Services of this nature should raise awareness among the public about the benefits of EVs, such as cleaner air and lower levels of noise pollution, said Mr Krisda.

He expects the public bus system to be the next area for EV development, although the authorities will first need to consider steps to revise the conditions for bus procurement.

Mr Krisda is also optimistic about EV purchases as he expects the prices of some models to become more affordable in the future. Some passenger EVs, such as a station wagon produced by MG, should be priced less than 1 million baht per unit, he said.

The total number of registered passenger EVs stands at 5,021, while there are 2,734 electric motorcycles, according to EVAT. The number of charging outlets is 1,974 at 647 locations.

Mr Krisda thinks the public bus system is the next area for EV development.  (Photo by Apichart Jinakul)

Price does matter

The automotive club of the Federation of Thai Industries believes the EV industry will not grow quickly over the next 3-5 years because a shift to EVs will depend greatly on vehicle price.

EVs will only gradually gain more market share in the domestic market, said Surapong Paisitpatanapong, the club's vice-chairman and spokesman.

"State policy and prices of EV technology will determine demand for EVs," he said.

The government should support construction of EV infrastructure, notably charging outlets, as well as use tax incentives to attract prospective buyers, said Mr Surapong.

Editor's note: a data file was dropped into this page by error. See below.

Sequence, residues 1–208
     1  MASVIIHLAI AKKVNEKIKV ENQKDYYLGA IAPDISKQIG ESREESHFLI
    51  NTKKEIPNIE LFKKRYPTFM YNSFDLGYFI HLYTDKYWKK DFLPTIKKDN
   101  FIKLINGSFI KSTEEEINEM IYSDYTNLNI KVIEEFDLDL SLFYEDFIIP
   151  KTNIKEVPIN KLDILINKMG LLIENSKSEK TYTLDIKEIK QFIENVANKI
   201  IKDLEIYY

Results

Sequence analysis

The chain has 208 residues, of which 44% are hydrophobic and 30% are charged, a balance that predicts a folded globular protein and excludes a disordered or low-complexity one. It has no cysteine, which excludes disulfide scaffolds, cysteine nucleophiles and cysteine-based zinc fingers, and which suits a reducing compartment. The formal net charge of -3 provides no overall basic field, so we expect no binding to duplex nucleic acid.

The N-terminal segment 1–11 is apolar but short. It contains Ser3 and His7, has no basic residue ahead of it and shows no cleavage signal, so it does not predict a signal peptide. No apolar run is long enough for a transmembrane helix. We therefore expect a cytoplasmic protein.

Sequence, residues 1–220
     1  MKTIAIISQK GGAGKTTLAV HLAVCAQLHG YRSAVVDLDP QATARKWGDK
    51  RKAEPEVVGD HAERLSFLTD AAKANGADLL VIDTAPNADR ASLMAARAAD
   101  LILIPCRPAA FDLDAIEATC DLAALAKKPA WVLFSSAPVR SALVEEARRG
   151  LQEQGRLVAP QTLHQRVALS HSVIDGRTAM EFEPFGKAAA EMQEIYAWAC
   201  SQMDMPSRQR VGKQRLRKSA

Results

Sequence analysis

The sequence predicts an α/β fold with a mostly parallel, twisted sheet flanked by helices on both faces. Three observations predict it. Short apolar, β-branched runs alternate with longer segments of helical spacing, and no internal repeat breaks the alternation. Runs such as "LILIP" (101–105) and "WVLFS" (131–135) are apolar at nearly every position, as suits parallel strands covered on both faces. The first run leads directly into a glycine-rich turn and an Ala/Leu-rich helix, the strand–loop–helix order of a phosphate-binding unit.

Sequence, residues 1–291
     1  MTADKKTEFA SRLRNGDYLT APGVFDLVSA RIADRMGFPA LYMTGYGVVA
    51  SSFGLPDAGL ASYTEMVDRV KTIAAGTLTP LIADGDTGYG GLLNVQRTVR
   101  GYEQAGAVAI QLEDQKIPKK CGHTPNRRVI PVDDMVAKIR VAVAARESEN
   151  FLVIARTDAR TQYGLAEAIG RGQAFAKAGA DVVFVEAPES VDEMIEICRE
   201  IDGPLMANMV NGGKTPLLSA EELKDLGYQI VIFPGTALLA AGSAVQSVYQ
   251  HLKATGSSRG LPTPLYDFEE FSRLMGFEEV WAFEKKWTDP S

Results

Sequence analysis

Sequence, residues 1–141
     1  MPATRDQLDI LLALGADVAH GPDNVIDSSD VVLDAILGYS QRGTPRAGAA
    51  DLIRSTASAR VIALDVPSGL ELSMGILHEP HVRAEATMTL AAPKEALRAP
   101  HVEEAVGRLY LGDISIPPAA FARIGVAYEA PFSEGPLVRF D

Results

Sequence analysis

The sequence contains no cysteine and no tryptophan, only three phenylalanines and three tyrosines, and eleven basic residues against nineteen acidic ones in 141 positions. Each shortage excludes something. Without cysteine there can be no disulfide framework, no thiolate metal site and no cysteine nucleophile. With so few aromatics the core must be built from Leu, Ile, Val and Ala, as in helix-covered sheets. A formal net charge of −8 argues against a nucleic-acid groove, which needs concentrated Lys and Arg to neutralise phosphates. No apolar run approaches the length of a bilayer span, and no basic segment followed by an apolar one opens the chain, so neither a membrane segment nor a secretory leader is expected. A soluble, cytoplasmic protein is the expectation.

Authorities already introduced EV promotional privileges to car and auto parts makers in 2017, covering three types of EVs: hybrid, plug-in hybrid and battery. These include tax holidays of 5-8 years and import duty exemptions for cars and machinery.

Yet most EVs are still very expensive, with prices over 1 million baht per unit.

"Only a small group of motorists in Thailand can afford to buy them," said Mr Surapong.

The government should launch new measures to reduce prices to a more suitable level for Thais, said Atthawit Techawiboonwong, Nissan Motor Thailand's general manager for external and government affairs.

"EVs will not become a mass market item because of their expensive prices in a society mostly made up of the middle class," he said.

Motorists' lifestyles

The perception of EVs is also limiting the growth of the EV business, as it remains unclear whether the vehicles will match the requirements of motorists' daily routines, said Siamnat Panassorn, who oversees engineering and business policy for Tri Petch Isuzu Sales Co, the local distributor for Japanese carmaker, Isuzu.

The behaviour and lifestyle of motorists is a key factor in whether they become a trend, he said.

The company commands a large market share in the pickup segment. Many customers use pickups to deliver farm and consumer products, and often have to race to get jobs done quickly.

"If customers switch to use electric pickups, they may be concerned over the charging time required and charging outlet locations," said Mr Siamnat.